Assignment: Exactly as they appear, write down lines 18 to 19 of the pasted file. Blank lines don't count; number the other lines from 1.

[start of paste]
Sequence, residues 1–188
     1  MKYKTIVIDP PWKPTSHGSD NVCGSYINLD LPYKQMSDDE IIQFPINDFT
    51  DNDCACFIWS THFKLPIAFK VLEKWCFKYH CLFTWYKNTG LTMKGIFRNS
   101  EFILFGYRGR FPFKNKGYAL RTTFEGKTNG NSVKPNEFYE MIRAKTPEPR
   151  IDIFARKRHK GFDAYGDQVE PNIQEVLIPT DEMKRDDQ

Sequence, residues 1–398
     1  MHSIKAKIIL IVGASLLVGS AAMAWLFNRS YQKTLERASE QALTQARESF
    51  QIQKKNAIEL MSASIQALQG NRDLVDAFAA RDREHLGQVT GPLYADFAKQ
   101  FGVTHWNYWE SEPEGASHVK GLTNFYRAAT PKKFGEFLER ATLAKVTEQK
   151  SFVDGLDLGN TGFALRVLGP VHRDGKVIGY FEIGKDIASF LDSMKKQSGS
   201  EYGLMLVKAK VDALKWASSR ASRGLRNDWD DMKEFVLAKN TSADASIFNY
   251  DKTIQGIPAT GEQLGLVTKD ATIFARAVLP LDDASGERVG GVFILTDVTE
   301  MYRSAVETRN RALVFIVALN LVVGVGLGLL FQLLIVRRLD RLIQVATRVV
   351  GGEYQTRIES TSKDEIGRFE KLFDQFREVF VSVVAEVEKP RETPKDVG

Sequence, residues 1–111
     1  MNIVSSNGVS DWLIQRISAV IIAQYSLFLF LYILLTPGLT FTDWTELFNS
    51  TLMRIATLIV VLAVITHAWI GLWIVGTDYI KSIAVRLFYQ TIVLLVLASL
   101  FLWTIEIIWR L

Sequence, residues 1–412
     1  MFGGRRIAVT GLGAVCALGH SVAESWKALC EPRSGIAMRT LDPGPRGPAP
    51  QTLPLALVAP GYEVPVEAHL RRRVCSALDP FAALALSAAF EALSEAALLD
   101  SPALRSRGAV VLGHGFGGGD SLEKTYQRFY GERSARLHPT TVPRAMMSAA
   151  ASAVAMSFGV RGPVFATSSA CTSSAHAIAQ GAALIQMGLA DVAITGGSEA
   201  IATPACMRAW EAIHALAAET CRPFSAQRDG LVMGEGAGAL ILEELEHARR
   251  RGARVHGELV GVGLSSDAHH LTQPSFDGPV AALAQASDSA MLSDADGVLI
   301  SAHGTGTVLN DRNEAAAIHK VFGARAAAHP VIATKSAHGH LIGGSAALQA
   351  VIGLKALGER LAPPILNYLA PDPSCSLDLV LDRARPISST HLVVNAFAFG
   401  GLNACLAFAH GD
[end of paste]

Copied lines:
   101  FLWTIEIIWR L

Sequence, residues 1–412